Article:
- Credit: Archant
For many of you, and certainly for me, winter is quite a sparse time in the garden. There are, of course, always jobs that can be done, tidying, or planning for the coming year, but it feels to me that winter is a time of hibernation for the garden, and for me personally as a gardener.
A lot of gardeners take the largest amount of pleasure from their work when they are able to eat the fruits of their labour. Owning an allotment is something which gives a lot of enjoyment, and a real sense of satisfaction when the time comes to pick and eat the fruit and vegetables that you have grown. During the winter, this feeling of self sufficiency can wane somewhat and although there are winter crops which are still providing delicious meals throughout these months, it’s easy to become slightly despondent.
I was standing in the kitchen of a friend’s new apartment and noticed that he had a chilli plant on the window sill. He told me that he had been getting quite a healthy crop from the plant, and I presume he’ll be using them in his cooking. Living in an apartment, he doesn’t have the option of a garden, but I got to thinking about what it is possible to grow when you don’t have access to an allotment, or a garden.
It is well known that some allotments have huge waiting lists, and for many people, the idea of a whole allotment is too much. With many of us having busy lives and jobs in the city, it is often difficult to find the time, or perhaps the inclination to take on a whole vegetable garden, so I have been giving some thought to the large variety of plants that can be grown on the windowsill for eating.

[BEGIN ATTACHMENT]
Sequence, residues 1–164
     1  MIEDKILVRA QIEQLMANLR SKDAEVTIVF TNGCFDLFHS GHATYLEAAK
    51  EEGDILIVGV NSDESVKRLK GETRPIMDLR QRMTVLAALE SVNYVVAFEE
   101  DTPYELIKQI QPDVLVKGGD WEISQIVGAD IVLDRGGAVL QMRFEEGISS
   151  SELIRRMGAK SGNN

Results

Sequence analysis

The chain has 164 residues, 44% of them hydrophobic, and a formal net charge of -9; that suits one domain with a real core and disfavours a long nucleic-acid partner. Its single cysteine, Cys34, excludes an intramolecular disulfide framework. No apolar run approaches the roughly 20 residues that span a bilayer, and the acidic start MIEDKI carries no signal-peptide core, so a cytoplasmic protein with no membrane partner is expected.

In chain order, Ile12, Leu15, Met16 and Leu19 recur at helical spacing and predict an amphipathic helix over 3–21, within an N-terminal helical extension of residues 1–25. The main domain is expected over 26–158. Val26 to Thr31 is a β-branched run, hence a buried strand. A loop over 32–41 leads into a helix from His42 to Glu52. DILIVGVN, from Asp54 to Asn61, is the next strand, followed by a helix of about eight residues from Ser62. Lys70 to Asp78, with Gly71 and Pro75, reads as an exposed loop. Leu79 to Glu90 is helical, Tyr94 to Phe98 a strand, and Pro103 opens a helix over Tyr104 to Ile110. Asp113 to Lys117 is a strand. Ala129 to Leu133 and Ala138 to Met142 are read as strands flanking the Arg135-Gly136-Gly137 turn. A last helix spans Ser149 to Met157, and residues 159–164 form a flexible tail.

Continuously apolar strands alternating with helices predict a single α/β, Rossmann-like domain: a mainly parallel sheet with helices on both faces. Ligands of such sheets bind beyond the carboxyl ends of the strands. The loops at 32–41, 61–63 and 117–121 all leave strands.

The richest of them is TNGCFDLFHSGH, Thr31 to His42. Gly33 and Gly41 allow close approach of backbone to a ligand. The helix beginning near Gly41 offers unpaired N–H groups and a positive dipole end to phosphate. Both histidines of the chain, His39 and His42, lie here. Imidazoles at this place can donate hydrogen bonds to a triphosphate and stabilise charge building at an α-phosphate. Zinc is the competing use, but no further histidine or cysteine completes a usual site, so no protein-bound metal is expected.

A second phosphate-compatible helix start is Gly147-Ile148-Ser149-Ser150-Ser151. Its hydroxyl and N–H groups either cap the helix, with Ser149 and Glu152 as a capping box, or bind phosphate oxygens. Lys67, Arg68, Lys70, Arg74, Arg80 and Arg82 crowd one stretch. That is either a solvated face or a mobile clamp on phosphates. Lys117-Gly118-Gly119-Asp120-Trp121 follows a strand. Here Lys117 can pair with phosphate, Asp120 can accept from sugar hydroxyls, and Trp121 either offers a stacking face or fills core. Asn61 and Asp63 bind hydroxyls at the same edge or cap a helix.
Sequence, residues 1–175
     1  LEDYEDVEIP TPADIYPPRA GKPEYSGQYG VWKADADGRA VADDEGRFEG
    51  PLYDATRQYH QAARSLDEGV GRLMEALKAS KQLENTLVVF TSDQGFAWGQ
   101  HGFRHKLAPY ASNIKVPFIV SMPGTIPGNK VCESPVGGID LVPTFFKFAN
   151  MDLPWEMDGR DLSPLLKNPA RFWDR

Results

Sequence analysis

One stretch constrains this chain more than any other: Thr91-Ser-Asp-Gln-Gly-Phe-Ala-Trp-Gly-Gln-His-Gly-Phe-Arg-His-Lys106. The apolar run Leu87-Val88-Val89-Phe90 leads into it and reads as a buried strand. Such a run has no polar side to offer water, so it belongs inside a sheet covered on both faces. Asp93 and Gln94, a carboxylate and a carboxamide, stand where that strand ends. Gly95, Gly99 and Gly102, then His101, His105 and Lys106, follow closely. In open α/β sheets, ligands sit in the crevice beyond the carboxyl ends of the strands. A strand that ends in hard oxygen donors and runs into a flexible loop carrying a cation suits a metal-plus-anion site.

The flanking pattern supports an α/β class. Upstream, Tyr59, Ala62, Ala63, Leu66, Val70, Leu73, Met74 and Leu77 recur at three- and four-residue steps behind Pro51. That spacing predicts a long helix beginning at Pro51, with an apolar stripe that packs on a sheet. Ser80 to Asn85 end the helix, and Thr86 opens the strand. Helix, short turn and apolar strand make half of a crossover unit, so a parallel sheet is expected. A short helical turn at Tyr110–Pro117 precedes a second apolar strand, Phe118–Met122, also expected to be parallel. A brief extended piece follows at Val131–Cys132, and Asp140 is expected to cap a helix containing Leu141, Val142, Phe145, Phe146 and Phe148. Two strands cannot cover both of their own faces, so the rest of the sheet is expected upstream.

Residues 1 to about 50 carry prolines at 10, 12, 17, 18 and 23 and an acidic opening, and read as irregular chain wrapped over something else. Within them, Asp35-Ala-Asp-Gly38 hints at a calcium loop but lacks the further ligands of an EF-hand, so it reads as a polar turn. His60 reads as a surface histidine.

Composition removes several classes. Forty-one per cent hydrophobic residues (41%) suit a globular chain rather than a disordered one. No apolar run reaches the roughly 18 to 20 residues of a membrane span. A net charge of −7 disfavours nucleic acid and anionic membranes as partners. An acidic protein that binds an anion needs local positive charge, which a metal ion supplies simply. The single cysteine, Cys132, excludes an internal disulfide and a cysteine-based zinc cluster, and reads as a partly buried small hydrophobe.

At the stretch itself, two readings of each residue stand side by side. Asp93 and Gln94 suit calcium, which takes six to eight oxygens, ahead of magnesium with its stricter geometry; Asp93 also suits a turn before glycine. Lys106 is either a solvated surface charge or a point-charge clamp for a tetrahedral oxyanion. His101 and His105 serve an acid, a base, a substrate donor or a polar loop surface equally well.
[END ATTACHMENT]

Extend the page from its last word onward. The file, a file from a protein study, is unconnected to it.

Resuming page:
A nice herb planter is quite a common sight in kitchens these days – normally some kind of cream or terracotta pots, in a handy little tray, designed for the purpose. They bear the names of the herbs they carry – parsley, basil, thyme – and are standing ready at hand to be added to cooking. I have had a similar item on my own kitchen windowsill for several years, and after realising that I only ever used the basil; got rid of the rest of them!
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I have two bay trees which stand either side of my conservatory doors, which do get used occasionally, but I think the rule of thumb should be to grow plants that you know you will use. The herbs looked lovely in my kitchen, but as you all know, unless you are using them, and trimming them regularly they get unruly and soon start to look a bit straggly.
A chilli plant is a great idea – if you enjoy using chilli in your cooking, to have a small plant which you can pick from regularly, is a fabulous addition and has the added bonus of looking great and colourful on the windowsill. Tomato plants are a great “small space” plant, and can be grown in hanging baskets, or in little pots, on a balcony or window box. Growing plants inside means that you can often have produce at times of the year when you wouldn’t be able to grow them outside.
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Another benefit to being a “windowsill gardener”, is that it is often the first step to learning about and enjoying gardening. Although you may only have a small space for growing things now, in time, if you move to a larger house, you may want to try having a small vegetable patch – all of the very best gardeners had to start with growing something for the first time!